AHEROINE OF THE REVOLUTION
From“Military History of Yates County”
ByWalter Wolcott, published 1895
Pg152 – 153
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In the first chapter of this volume mentionhas been made of Eliphalet HULL, Seth HULL and Cyrus BUELL as being among thesoldiers of the Revolution who settled in Yates County. The wife of Eliphalet HULL, who was also the mother in law of Cyrus BUELL,is worthy of a somewhat extended notice for the part she took in the War forIndependence. Her maiden was HuldahPATCHEN. She was born inConnecticut and was there married to Mr. HULL. They moved in 1771 to the country between Ballston and Fort Edward in thethen colony of New York, where they lived till after the Revolutionary War. Mr. HULL was largely engaged in that war, and in his absence his wife andchildren sometimes fled to the woods for safety from the marauding bands ofIndians and Tories. Mrs. HULL had one particular retreat at the root of anoverturned tree, where, in a hollow filled with leaves, she, with herchildren’s heads in her lap, slept many a night in the summer of 1777. In the fall of that year, on the approach of Burgoyne, withhis Hessian and Indian allies, she loaded a card with some goods and heryoungest children, herself and the older ones walking, and driving the onlyremaining cow, and returned to the old home in Connecticut, stopping nights withhospitable farms on the way. Sheand her children found homes with her own and her husband’s parents until theclose of the campaign.
Mrs. HULL was one of the heroines of theRevolution and her exploits were many. Onone occasion, when all the women and children were in Fort Edward and theCaptain needed to send for additional troops, none but old men and boys being inthe fort, she volunteered to go. Takingthe Captain’s horse and saddle, and in man’s overcoat and hat, she rode outin the dark night, through wind and rain, for the needed help. Cyrus BUELL, then a lad of 14, but a soldier in the ranks,saw his future mother in law for the first time, as she rode in at daybreak. Cyrus BUELL was shortly afterwards taken prisoner by the British andIndians, but was ransomed from the latter by a British officer, who kept him 3years at Quebec and Montreal, and wished to adopt him and take him to England,and only gave him up where peace was declared, when he returned to his familywho had long mourned him as dead. Whenhe was first taken prisoner the long line of captives was counted off, half tothe British and half to the Indians, the dividing point falling between himselfand a young friend, from whom he parted, as he supposed, forever. Years afterwards, he found that friend living on a farm beyond SenecaLake.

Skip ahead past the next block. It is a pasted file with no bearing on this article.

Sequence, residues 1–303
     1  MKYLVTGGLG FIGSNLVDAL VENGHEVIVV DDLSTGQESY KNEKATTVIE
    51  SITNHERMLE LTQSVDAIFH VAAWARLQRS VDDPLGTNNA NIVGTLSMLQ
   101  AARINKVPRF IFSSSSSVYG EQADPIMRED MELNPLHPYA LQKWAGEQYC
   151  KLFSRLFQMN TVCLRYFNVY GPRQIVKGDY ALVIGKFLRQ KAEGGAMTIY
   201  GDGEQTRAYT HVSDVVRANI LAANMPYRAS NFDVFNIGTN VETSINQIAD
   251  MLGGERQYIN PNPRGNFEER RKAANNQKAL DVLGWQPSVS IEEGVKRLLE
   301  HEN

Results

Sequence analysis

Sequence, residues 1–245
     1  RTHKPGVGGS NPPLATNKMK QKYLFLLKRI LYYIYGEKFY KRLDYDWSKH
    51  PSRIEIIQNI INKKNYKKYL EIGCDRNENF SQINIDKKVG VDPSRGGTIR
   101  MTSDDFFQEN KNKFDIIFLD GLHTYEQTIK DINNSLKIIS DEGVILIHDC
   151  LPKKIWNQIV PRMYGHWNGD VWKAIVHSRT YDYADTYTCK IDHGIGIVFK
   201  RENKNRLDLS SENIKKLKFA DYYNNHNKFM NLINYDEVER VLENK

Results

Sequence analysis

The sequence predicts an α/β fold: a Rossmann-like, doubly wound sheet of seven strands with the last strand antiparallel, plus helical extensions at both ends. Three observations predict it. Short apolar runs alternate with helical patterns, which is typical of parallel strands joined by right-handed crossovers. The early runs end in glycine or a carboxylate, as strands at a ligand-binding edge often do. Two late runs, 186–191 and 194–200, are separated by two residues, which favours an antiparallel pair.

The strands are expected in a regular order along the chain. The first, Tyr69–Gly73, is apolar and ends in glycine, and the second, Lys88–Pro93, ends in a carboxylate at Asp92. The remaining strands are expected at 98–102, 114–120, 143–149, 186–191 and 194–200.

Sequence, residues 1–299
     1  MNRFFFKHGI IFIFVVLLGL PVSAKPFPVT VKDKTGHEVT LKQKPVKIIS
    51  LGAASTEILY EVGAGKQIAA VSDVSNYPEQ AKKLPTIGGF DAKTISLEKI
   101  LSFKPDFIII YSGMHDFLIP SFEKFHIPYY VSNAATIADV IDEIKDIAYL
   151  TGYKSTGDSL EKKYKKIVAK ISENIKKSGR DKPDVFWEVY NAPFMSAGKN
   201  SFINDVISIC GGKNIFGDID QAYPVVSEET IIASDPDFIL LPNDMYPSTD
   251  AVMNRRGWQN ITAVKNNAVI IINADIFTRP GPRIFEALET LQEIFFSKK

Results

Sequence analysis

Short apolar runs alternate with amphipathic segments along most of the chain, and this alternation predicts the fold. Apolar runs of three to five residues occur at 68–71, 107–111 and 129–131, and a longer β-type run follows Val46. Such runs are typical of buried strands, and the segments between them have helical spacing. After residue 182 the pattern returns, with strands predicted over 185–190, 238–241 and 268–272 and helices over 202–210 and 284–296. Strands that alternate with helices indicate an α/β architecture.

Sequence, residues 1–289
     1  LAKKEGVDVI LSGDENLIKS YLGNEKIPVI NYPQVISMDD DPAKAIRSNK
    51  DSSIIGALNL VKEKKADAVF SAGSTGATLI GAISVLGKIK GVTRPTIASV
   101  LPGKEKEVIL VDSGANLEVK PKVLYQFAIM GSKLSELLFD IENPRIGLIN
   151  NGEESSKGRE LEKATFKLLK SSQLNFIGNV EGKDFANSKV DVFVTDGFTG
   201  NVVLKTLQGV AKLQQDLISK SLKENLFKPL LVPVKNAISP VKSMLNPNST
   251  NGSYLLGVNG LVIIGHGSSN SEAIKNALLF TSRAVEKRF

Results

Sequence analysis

Eliphalet HULL, with his wife and family,moved from their home near Ballston (Saratoga Co.) and settled in Benton in1792. There were 9 children in thefamily, 8 living to be old men and women. Oneof the sons, Eliphalet HULL Jr., was a soldier in the War of 1812 and married adaughter of the celebrated frontiersman, General Moses VAN CAMPEN. Mrs. HULL was a distinguished looking woman in her younger days, having atall, stately form with brilliant black eyes. Her brother, Captain Daniel PATCHEN, commanded in the troop known as‘Washington’s Body Guard.’ Hercousin, General Freegift PATCHEN, was once taken prisoner by the Indians underBRANT, but was afterwards released. Mrs.HULL’s wit was proverbial, and she was guilty of a pun upon her wedding day. She said she had been a PATCHEN all her life, but at last, she was HULL. She had a remarkable memory, and of her life and experiences during theRevolution, she never wearied in telling. Thelast 25 years of her life were spent at the home of her grandson, David H. BUELL,at Benton Center, where she died, September 3, 1839, at the age of 90 years.